Reason for Suspension – Misconduct or Lockdown?

Since lockdown started on 27 March 2020, CCMA commissioners have had to determine a variety of issues resulting from the lockdown.

In the matter of Bobotjane/Sebvest Financial Services Group /Sebvest Development Africa

(Pty) Ltd the CCMA commissioner had to determine whether the interruption of the applicant’s services constituted an unfair labour practice, given that the applicant believed he was suspended when his services were interrupted.

The facts were briefly that the applicant was employed as a personal driver by the respondent for the sole purpose of driving the respondent’s children to school and back.

When the schools closed during the lockdown, he was told that there was no longer any work for him “as from 4 May 2020 until further notice”.

The applicant referred an unfair labour practice to the CCMA, claiming that he was suspended “without cause” and sought 12 months’ compensation by way of relief.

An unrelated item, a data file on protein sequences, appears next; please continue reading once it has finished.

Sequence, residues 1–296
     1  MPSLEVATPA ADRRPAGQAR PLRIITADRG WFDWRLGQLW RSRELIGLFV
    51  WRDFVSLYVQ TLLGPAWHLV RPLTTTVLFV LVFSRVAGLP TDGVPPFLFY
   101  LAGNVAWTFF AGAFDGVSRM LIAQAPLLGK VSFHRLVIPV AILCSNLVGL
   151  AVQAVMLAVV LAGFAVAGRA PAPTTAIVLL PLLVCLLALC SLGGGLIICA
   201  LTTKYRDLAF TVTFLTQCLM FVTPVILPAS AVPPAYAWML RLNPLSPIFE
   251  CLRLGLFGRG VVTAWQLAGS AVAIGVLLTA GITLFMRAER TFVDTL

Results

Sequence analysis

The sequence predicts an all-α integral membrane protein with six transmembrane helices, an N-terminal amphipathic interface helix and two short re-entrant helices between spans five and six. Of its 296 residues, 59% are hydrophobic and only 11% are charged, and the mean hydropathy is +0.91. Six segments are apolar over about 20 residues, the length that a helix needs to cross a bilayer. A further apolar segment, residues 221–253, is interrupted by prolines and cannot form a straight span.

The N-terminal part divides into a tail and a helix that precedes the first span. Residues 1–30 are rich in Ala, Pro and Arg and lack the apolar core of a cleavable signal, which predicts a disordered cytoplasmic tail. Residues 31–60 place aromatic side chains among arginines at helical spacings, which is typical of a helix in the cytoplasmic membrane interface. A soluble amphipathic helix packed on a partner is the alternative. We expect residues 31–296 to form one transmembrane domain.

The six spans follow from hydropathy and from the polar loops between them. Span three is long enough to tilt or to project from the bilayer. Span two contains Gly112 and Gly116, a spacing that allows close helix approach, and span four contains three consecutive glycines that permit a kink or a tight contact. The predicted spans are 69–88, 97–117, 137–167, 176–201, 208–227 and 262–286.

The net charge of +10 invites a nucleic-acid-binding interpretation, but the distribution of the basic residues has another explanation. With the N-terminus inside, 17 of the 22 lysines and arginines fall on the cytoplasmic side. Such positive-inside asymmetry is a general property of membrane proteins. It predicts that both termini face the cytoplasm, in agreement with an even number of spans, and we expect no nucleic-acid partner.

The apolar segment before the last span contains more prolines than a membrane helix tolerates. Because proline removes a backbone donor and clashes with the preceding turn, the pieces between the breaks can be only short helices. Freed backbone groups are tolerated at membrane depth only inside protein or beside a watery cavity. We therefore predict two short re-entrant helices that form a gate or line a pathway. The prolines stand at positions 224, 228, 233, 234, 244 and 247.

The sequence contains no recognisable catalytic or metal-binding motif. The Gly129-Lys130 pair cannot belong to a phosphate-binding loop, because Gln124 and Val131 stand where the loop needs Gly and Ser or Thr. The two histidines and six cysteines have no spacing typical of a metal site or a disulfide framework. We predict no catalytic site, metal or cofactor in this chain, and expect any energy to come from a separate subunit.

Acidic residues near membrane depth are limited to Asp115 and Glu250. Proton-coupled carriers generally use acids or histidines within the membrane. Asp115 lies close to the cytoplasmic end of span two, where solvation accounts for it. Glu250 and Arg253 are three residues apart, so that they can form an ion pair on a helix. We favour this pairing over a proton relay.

The respondent’s version was that he did not have any alternative work for the applicant and because he was actually in the same boat as the applicant, he was not in a financial position to pay the applicant.

In terms of the principles in Special Investigating Unit v CCMA and others (JR5092014) [2017] ZALCJHB 127, the commissioner avoided awarding what was described by the Labour Court as “sympathy compensation”.

The commissioner found that section 186(2)(b) of the LRA made it clear that the an employee is only subjected to an unfair labour practice when he is suspended in circumstances where it appears that he allegedly committed misconduct, and therefore there is a direct and clear link between suspension and disciplinary action (short of dismissal).

The Commissioner found that the CCMA lacked the necessary jurisdiction to determine the matter in terms of section 186(2)(b), and concluded that he:

[31]… could not find any special protection for the applicant against the dire Covid-19 consequences under the auspices of the unfair labour practice jurisdiction in terms of the Labour Relations Act.

The rationale behind this decision is therefore that a suspension in terms of section 186(2)(b) of the LRA is linked to allegations of misconduct on the part of the employee and not to the interruption of services because lockdown prevented employers (and businesses) from generating an income.